Skip to content

UK brokers expect 27% more bridging loans in 2012

That figure is higher still among brokers who specialise in bridging business, who expect the volume of loans they write to increase by 33% in the next year.
According to a poll carried out by West One, only 9% of brokers say they are writing less bridging business than 12 months ago. Some 28% said they are writing a similar number of loans, while 63% of brokers are writing more loans than 12 months ago.
Overall, brokers are writing 28% more bridging loans than a year ago, with one in ten saying the volume they have written has more than doubled in the last year.
‘The bridging industry has grown rapidly since 2010. Net lending is up 56%, which makes the mainstream market look turgid by comparison. The rate of growth shows no signs of slowing and 2012 will be a testing year for mainstream lenders,’ said Duncan Kreeger, chairman of West One Loans.

He believes that the Council of Mortgage Lenders has done its best to map out an encouraging year for the mortgage market, but says that the topography looks treacherous. ‘Gross lending will only be a third of what it was in 2007, and investors are shunning banking stocks as they try to avoid the chaos caused by political dithering in Europe. This is pushing up the cost of funding for the mainstream banks. It means borrowers are finding traditional longer term funding harder to come by, which is making bridging finance a more attractive option,’ he explained.
‘Things look to set to get even worse. With high street lenders retreating even further into their shells, they won’t be able to cater for the demand for mortgage finance, particularly from buy to let investors, who will turn to bridging to finance their projects. It’s no wonder brokers are taking on more bridging business,’ he added.
The research also found that only 14% of brokers say LTVs on bridging loans are likely to fall over the next six months, reflecting the strong demand by borrowers for more highly geared products. Some 36% say LTVs will rise next year, and just under half, 49%, predict they won’t change.
There was also positive news for borrowers and buy to let landlords on rates, with two thirds, some 67%, of brokers predicting the average rate on a bridging loan will either hold steady or fall in the next six months.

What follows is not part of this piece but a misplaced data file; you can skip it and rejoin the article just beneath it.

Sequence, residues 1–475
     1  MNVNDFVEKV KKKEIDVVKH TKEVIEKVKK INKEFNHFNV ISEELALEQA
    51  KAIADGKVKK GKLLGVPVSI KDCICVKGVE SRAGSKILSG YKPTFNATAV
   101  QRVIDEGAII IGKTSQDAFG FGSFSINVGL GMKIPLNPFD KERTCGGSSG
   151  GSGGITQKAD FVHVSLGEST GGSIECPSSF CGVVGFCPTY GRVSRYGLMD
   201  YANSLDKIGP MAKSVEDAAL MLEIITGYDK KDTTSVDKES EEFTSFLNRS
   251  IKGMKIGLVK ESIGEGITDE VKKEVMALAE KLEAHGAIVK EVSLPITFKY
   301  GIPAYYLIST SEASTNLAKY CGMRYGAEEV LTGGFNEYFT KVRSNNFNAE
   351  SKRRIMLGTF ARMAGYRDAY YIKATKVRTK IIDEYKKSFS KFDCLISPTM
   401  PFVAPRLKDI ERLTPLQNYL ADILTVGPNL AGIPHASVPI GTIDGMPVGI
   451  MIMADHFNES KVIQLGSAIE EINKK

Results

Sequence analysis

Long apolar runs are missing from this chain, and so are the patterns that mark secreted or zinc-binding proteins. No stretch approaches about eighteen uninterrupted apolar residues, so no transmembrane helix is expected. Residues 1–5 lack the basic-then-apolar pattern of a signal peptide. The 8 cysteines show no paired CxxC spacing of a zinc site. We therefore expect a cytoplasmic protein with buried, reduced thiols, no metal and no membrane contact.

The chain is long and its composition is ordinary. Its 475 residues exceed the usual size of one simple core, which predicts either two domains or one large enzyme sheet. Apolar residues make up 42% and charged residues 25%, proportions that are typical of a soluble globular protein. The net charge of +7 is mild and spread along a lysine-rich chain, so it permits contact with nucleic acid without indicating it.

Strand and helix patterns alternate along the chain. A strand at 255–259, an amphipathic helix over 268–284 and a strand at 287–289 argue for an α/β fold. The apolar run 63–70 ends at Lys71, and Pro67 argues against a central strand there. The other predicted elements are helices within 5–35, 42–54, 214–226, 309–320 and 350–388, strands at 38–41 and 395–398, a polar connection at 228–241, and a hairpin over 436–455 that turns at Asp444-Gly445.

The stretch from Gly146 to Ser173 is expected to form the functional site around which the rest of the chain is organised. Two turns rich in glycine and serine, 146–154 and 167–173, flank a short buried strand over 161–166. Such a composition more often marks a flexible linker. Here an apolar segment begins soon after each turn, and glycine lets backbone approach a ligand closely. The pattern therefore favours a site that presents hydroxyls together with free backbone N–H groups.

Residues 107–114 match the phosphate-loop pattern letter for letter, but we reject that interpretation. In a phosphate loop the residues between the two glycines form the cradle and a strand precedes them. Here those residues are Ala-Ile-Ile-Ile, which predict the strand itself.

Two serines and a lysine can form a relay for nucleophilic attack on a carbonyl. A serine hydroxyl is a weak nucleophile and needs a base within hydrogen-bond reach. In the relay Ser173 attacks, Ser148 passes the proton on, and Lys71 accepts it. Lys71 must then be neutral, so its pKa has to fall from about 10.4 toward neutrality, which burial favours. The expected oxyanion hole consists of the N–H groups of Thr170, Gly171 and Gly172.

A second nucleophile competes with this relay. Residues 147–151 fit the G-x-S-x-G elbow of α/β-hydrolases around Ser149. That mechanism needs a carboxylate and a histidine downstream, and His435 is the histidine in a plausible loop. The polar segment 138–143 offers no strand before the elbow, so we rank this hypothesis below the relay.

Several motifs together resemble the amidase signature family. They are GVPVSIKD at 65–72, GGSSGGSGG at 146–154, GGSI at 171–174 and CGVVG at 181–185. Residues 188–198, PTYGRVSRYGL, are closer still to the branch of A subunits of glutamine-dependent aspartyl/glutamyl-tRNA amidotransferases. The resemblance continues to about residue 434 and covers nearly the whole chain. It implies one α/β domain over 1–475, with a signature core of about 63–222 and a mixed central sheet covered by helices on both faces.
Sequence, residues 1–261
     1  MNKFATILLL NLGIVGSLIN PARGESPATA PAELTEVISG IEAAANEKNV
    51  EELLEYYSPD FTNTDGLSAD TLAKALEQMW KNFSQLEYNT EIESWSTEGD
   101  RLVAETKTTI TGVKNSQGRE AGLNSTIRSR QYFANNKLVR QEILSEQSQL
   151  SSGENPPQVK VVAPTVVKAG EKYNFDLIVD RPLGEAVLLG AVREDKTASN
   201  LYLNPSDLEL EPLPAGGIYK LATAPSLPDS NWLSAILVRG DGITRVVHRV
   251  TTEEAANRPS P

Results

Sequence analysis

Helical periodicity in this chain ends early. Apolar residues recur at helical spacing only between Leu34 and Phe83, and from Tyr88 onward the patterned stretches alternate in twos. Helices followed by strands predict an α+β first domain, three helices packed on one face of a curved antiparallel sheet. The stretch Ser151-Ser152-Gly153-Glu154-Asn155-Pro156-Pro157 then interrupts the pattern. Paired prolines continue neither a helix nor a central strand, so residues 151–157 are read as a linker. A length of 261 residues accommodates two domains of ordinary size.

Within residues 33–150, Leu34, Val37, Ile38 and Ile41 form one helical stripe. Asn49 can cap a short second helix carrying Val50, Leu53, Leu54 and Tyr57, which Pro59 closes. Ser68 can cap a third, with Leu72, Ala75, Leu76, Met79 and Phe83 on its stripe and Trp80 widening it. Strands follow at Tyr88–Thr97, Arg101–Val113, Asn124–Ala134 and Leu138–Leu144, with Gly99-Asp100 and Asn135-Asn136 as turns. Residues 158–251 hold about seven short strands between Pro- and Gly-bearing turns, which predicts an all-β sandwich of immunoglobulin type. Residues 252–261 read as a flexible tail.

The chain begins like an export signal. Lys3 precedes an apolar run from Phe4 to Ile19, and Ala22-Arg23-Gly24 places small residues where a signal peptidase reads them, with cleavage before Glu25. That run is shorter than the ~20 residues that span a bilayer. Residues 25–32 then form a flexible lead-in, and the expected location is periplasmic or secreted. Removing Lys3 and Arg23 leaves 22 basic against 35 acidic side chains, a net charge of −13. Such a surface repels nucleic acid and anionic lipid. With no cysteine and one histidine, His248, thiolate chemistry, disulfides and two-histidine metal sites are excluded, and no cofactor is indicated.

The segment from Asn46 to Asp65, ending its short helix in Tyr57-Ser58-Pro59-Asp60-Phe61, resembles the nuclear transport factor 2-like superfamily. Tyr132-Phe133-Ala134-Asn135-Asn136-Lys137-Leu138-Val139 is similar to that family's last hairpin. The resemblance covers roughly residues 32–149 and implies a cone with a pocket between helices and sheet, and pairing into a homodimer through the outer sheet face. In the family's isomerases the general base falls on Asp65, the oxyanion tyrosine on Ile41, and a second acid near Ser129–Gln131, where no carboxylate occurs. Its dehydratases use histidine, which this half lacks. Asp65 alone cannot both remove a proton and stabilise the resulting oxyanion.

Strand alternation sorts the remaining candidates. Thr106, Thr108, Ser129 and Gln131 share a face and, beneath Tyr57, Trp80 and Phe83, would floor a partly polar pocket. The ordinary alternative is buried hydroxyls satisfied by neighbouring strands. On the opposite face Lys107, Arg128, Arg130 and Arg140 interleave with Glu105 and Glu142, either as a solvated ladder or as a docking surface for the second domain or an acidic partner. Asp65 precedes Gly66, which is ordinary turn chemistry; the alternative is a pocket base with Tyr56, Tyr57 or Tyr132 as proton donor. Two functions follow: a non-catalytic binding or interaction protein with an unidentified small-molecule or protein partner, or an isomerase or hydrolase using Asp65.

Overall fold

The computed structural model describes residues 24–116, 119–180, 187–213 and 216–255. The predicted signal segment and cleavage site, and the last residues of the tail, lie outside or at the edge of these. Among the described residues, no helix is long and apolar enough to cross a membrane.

‘In stark contrast to the mortgage market on the high street, rates in bridging don’t look likely to increase in the next six months. The major banks will look to pass these costs onto borrowers in the guise of higher rates. This will encourage even more investors to turn to bridging,’ said Kreeger.
‘The fact more investors are turning to bridging, particularly buy to let landlords, is linked to rising LTVs. Banks are looking to protect their balance sheets so are becoming more reluctant to lend to borrowers who only want to put down a small deposit. This is encouraging more investors to turn to bridging, where high LTV loans are more accessible,’ he added.
The research also revealed that buy to let is the fastest growing type of lending written by brokers, reflecting increasing demand from buy to let investors and amateur landlords. Some 33% of all bridging loans written in the last twelve months were for buy to let investors, who received a higher proportion of loans than any other borrower group. The next highest group was developers, who accounted for 22% of all bridging lending.
‘Only 6% of brokers think it’s a bad time to invest in buy to let, while 83% think it’s now a good time for landlords to expand their portfolios. It is a reflection on the high yields available in buy-to-let, which is performing more strongly then traditional asset classes, and is tempting in more investors as result,’ explained Kreeger.